What do you call a group of curators? Answers from #AskACurator 2016

Ask A Curator logo 2016.

Ask A Curator logo 2016.

What do you call a group of Curators? #AskACurator 2016

Thank you for your questions for this year’s #AskACurator. Many of your questions centred on the topics of curatorial practice in a changing world as well as the personal experience of being a curator. In discussing the answers, our curators reflected that they each approach their job in unique ways: the exhibition specialist, the art history major, the maritime archaeologist, the historian and seeking a way to connect with Indigenous communities.

We began our #AskACurator round table with a quib asking what does one call a group of curators? A gaggle. A curiosity of curators. An exhibition of curators.

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Commemorating Dirk Hartog’s chance encounter

Dirk Hartog plate, 1616. Tin (metal), 36.5 cm (diameter). Reproduced courtesy Rijksmuseum, Amsterdam

Dirk Hartog plate, 1616. Tin (metal), 36.5 cm (diameter). Reproduced courtesy Rijksmuseum, Amsterdam

Four hundred years ago, Dutch mariner Dirk Hartog (1580–1621) sailed into history when, on 25 October 1616, he made the first documented European landing on the west coast of Australia in the Dutch East India Company (VOC) ship Eendracht (‘Concord’ or ‘Unity’). Today his name is synonymous with the inscribed ‘Hartog plate’ that marked his landfall at Cape Inscription on Dirk Hartog Island in Shark Bay, Western Australia. This evocative pewter relic, now held in Amsterdam’s Rijksmuseum, provides tangible evidence of one of the earliest European encounters with the mysterious Terra Australis Incognita – the unknown southern land.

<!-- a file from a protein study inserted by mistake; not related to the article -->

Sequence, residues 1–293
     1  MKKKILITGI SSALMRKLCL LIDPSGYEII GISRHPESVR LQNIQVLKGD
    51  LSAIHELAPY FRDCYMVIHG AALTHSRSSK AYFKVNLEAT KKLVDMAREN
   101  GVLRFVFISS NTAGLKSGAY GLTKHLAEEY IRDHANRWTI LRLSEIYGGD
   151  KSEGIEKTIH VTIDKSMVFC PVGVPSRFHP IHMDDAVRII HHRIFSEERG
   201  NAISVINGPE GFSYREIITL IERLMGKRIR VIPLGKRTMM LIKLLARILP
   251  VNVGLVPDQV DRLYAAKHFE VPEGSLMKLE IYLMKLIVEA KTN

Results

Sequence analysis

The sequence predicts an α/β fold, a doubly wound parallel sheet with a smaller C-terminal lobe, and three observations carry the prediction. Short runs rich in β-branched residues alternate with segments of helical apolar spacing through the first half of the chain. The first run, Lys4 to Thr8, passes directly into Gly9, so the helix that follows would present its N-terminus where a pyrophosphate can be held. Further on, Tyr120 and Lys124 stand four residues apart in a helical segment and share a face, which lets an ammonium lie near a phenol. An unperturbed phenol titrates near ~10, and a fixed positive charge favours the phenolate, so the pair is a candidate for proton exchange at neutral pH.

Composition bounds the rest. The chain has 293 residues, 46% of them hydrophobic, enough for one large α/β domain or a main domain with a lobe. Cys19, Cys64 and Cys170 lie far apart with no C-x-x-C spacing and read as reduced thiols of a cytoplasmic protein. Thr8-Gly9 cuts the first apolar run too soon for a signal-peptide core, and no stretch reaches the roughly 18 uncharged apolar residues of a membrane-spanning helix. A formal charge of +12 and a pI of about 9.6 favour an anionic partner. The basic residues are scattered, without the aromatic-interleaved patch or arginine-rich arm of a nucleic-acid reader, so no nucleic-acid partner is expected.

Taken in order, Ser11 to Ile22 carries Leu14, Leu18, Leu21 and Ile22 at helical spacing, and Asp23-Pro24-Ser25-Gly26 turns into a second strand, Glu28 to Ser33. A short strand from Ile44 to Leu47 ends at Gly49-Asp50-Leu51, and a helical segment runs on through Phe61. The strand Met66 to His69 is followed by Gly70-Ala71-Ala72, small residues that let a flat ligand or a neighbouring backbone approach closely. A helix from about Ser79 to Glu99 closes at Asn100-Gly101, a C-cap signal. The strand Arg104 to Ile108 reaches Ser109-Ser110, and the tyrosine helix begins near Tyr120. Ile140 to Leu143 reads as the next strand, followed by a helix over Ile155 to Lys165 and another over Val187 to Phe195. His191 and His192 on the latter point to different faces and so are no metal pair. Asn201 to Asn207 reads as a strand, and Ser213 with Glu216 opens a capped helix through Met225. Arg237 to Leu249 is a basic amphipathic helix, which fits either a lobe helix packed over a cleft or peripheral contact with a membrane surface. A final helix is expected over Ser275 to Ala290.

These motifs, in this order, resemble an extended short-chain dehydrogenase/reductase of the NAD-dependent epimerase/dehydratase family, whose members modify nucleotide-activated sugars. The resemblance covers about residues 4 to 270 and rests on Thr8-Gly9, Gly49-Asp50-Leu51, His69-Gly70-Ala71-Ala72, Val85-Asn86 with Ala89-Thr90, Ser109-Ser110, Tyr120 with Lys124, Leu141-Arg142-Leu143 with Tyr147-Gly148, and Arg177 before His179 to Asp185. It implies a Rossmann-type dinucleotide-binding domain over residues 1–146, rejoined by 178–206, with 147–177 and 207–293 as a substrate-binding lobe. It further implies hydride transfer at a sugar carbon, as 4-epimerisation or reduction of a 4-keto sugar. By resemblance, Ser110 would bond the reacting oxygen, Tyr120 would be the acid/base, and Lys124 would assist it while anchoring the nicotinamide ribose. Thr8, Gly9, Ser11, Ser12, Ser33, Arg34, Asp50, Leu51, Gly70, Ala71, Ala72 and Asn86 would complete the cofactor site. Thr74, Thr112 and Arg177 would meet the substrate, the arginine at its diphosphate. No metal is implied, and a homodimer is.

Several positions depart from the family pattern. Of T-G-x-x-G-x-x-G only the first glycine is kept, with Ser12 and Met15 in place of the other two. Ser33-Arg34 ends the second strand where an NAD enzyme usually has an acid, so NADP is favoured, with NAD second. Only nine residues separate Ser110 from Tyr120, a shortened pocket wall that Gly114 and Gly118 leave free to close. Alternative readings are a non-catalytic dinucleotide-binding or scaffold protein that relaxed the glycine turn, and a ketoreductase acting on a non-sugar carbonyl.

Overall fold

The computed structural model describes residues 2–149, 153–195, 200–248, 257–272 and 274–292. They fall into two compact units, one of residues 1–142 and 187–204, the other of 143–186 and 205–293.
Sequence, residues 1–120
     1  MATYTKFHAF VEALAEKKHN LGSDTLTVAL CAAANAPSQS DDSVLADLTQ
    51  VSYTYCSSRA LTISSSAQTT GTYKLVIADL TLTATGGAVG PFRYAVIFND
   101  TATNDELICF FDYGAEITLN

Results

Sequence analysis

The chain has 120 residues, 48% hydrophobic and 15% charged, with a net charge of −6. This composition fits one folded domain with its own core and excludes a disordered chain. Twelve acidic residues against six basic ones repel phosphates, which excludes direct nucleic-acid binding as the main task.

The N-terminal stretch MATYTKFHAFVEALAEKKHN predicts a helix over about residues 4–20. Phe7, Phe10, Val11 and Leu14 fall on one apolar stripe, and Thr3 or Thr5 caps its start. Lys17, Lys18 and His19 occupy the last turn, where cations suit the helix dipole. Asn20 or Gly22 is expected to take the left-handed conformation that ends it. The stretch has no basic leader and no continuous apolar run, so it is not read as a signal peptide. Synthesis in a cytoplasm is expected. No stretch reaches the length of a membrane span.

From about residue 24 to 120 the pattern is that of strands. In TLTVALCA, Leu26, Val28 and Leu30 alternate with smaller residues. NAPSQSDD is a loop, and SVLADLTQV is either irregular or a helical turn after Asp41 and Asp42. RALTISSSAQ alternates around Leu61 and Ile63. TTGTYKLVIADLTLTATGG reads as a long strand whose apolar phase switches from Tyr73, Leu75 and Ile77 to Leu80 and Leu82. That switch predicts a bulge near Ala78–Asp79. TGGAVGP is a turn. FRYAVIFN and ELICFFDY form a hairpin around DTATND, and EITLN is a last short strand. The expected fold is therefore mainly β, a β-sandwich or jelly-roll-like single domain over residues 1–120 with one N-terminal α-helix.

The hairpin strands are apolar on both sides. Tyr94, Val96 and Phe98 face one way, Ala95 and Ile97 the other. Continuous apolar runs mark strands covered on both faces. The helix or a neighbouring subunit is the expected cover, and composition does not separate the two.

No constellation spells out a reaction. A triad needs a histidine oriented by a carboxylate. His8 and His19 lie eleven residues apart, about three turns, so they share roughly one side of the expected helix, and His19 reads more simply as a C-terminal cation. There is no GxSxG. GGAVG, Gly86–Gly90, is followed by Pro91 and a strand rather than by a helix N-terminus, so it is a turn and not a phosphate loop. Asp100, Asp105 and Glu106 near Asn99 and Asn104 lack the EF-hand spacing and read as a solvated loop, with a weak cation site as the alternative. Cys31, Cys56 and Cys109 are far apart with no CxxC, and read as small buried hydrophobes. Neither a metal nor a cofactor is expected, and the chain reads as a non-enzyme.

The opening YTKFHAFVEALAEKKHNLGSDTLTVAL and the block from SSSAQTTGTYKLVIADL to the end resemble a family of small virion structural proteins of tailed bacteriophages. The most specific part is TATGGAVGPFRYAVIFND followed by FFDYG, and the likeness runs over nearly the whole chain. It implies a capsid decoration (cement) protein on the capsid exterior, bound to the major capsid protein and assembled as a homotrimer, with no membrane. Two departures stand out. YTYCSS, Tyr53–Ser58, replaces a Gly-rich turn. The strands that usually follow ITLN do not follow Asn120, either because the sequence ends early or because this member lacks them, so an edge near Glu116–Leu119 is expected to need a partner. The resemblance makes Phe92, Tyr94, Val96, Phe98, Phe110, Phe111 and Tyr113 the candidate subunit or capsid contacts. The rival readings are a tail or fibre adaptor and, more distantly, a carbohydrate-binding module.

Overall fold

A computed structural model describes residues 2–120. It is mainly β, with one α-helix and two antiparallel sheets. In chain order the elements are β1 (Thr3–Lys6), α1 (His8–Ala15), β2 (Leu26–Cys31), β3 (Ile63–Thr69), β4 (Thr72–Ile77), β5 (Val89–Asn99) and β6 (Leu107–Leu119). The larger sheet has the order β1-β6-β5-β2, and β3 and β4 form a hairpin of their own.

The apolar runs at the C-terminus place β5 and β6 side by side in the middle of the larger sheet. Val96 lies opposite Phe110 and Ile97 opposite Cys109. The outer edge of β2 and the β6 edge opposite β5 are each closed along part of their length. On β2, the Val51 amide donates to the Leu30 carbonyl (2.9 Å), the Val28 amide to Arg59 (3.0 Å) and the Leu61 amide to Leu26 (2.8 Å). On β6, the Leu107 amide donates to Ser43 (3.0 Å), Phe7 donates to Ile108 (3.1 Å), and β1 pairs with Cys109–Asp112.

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Those who’ve come across the seas: New names unveiled on the Welcome Wall.

Welcome Wall ceremony September 2016. Image: Andrew Frolows / ANMM.

Welcome Wall ceremony September 2016. Image: Andrew Frolows / ANMM.

This Sunday, 25 September 2016, saw 882 new names unveiled on our migrant Welcome Wall in honour of all those who have migrated from around the world by sea or air to live in Australia. The museum unveils new names on the Welcome Wall twice a year. 2016 marks the 17th year of unveiling ceremonies, bringing the total number of names on the wall to a staggering 28,293. More than 200 countries are now represented on the Wall.

As a multicultural nation, with one in four of Australia’s 23 million people born outside Australia, the Welcome Wall is a celebration of diversity. It allows today’s Australians to pay tribute to migrant forebears, family members and friends by having their names inscribed on it. Located outdoors on the museum’s northern boundary, the wall faces Darling Harbour and Pyrmont Bay.